Although epidural blockade is very effective in providing analgesia in laboring women, unilateral blockade can result in inadequate analgesia. Now, however, researchers at St. Michael’s Hospital and the University of Toronto have found that a thermal imaging camera can be used for fast, noninvasive and objective detection of temperature asymmetry in patients with unilateral epidural blockade, a step that ultimately may pave the way for adequate analgesia in these women.
Temperature Tells the Tale
Typically, the adequacy of epidural blockade is assessed by either questioning the patient or using sensorimotor testing, such as sensation to pinprick or temperature, and motor weakness. However, the level of blockade observed often differs depending on the method of assessment employed, and some of the techniques are invasive. “The problem with these assessments is that they require that the block be established before they can be performed,” Dr. Oyberman said. “That might delay identifying patients who don’t get adequate analgesia.”
Women who receive epidural blockade experience sympathectomy and lower-limb vasodilation prior to sensory block, which are typically associated with a temperature increase in the lower extremities. “One series in the literature showed that the temperature rises at about 0.6° C per minute,” she said (Anesth Analg 2006;102:1247-1251).
The researchers hypothesized that a thermal imaging camera would allow for early detection of asymmetric lower-extremity temperature in women experiencing unilateral block after epidural catheter placement. “We wanted to show in this pilot study that this novel technology could be used to illustrate a relatively simple physiological phenomenon,” Dr. Oyberman said.
A total of eight patients were included in this prospective, observational cohort study; seven required an epidural top-up due to unilateral blockade (one patient had equal block and was erroneously included). Prior to the administration of the additional local anesthetic, each patient’s skin temperature was assessed over the first web space of each foot, between the first and second toes, using the FLIR i7 thermal imaging camera (FLIR Systems).
“Our patients were then questioned about which side lacked sensory block,” Dr. Oyberman reported at the 2017 annual meeting of the Canadian Anesthesiologists’ Society (abstract 285266). “Their responses were recorded along with the temperature measurements.”
The pilot study found that in all patients with unilateral block, the side of worse pain had a lower temperature (Table). Interestingly, the largest difference in temperature observed was 9.9° C and the smallest was 1.1° C.
|Table. Bilateral Temperatures and Site of Worst Pain|
|Patient No.||Side of Worst Pain||Left Temperature, ° C||Right Temperature, ° C|
|7 (equal block)||Not applicable||28.9||29.3|
“In every patient who had a unilateral block, the side with the sensory block invariably had a higher temperature,” Dr. Oyberman noted. “Clearly there was quite a bit of variability in terms of the temperature difference. Interestingly, the one patient who was included in error only had a temperature difference of 0.4° C.”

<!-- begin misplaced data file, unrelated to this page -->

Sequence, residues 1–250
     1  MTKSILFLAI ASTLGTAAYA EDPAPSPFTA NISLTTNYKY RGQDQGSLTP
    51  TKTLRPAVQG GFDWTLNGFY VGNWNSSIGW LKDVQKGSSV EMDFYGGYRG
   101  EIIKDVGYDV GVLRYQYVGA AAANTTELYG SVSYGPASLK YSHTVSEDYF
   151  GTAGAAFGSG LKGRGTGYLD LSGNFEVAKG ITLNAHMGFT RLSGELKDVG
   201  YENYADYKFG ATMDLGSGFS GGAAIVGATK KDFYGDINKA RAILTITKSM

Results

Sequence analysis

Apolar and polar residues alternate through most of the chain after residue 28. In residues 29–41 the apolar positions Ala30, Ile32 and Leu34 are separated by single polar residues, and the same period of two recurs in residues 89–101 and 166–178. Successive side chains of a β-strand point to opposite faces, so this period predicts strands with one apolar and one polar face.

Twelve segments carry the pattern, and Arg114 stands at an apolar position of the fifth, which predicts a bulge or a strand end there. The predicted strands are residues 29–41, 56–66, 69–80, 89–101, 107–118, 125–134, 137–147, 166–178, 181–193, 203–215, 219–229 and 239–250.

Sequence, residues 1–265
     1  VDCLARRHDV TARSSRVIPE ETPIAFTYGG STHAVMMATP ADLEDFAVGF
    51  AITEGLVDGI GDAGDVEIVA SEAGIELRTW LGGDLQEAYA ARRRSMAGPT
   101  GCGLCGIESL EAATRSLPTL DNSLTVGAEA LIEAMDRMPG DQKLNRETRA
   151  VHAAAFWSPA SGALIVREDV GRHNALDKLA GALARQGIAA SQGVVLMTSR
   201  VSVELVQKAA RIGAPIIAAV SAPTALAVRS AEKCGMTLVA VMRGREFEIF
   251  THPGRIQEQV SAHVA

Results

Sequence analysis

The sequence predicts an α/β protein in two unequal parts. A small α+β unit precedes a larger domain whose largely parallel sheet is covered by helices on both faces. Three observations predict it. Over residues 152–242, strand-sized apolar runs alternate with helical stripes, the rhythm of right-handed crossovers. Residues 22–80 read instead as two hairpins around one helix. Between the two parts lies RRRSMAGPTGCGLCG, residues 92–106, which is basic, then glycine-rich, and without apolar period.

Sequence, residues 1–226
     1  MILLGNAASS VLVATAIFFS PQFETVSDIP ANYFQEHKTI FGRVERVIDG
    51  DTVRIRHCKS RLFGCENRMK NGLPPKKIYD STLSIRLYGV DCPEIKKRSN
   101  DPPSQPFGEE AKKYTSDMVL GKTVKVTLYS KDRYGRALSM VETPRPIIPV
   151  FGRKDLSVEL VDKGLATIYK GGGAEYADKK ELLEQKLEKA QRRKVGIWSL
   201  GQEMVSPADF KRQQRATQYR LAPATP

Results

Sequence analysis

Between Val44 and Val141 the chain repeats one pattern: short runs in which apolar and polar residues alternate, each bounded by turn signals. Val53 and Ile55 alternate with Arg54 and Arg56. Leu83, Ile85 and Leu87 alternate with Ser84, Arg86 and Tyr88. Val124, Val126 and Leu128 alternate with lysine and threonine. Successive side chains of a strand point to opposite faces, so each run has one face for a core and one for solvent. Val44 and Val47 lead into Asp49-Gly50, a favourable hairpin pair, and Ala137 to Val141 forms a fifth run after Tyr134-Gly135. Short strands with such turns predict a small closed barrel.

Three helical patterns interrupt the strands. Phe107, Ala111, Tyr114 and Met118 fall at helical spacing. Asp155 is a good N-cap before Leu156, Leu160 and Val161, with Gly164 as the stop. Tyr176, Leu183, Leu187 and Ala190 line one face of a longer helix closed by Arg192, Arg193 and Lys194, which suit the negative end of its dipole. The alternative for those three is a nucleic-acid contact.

These preliminary results help demonstrate that thermal imaging technology may ultimately prove a valuable tool in laboring women with unilateral epidural blockade. “This was a pilot study, so future studies are needed to validate other potential uses for this technology,” she said. “Certainly we need studies that assess the sensitivity and specificity of this technology, and perhaps we’ll need to determine the minimal clinically significant temperature difference in the future as well.” Future research should also examine whether the reversibility of temperature asymmetry is associated with rectification of unilateral blockade.
Session co-moderator Anton Chau, MD, questioned whether the definition of unilateral block in the study affected its results. “Since it was patient reported, was it complete unilateral block?” Dr. Chau is a clinical assistant professor of anesthesiology, pharmacology and therapeutics at the University of British Columbia, in Vancouver. “Or was it just sacral sparing or an asymmetric block that they were experiencing?”
“If the patient reported inadequate analgesia, or if they reported that they had more pain on one side than the other, then they were approached to be included,” Dr. Oyberman replied. “Obviously there are patients that had a unilateral block but still had adequate analgesia. They simply felt that one side had a heavier block. These patients wouldn’t report having a unilateral block and therefore would not have been approached to be included.”
Session co-moderator Clarita Margarido, MD, was equally intrigued by the one patient who did not experience unilateral epidural block. “Do you have any more information on what happens with the temperature in a good, working block?” Dr. Margarido is an assistant professor of anesthesia at the University of Toronto. “What is the temperature difference in both legs when the block is working?”
“Based on human physiology, we would expect that there would be a temperature increase if we check before and after the block,” Dr. Oyberman said. “As of now, we don’t have a quantification as to how much the temperature rises. What would obviously affect that is how soon you check the temperature after you’ve given the bolus. The other part of that is the thermal camera has an error rate of 2° C, so it might not be as accurate for the first few minutes.”
Dr. Chau also saw a potential long-term benefit to the technology. “One of the questions that we always wonder about is if a patient with prolonged sensory or motor block has residual anesthetic effect or a nerve injury. I know you’re still in the early proof-of-concept stage, but I wonder what would happen if we use this technology in those patients as well.”